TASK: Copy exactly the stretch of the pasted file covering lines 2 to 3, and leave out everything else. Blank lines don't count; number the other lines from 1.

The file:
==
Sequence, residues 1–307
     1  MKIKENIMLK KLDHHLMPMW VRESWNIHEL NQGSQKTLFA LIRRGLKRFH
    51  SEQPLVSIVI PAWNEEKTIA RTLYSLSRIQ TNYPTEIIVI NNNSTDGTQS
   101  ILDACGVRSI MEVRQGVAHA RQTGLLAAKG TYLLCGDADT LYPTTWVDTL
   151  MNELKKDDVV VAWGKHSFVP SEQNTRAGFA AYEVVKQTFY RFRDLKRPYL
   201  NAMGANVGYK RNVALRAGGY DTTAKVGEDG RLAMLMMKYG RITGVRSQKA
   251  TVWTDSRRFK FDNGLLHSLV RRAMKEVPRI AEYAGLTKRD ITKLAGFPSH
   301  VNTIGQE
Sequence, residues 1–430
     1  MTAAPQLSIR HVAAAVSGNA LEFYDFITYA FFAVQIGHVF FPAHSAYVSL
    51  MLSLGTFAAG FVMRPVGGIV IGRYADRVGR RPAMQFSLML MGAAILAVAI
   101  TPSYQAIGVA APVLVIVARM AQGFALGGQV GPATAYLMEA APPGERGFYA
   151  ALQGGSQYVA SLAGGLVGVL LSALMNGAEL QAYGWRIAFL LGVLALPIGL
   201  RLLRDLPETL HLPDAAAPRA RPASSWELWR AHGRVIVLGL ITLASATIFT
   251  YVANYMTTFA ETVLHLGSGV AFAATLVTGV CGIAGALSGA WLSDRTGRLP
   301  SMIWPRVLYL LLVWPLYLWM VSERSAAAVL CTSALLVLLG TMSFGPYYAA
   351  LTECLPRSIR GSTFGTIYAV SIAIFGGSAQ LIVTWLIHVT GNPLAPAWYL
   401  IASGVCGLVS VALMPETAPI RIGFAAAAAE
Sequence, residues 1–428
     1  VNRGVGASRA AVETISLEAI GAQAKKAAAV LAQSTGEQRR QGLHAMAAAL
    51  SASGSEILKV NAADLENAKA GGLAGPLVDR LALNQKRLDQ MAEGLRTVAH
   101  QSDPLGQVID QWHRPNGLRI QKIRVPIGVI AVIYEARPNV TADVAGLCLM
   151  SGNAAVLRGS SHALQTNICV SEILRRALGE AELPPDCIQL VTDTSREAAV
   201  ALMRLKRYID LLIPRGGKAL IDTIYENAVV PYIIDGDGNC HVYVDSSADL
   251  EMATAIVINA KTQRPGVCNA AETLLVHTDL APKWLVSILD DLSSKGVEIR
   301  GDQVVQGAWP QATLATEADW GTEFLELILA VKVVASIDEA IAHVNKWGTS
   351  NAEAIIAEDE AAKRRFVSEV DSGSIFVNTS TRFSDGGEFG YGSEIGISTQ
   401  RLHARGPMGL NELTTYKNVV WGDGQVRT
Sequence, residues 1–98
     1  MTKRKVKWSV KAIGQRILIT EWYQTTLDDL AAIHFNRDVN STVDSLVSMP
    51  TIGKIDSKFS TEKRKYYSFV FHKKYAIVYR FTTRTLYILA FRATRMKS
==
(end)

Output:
     1  MKIKENIMLK KLDHHLMPMW VRESWNIHEL NQGSQKTLFA LIRRGLKRFH
    51  SEQPLVSIVI PAWNEEKTIA RTLYSLSRIQ TNYPTEIIVI NNNSTDGTQS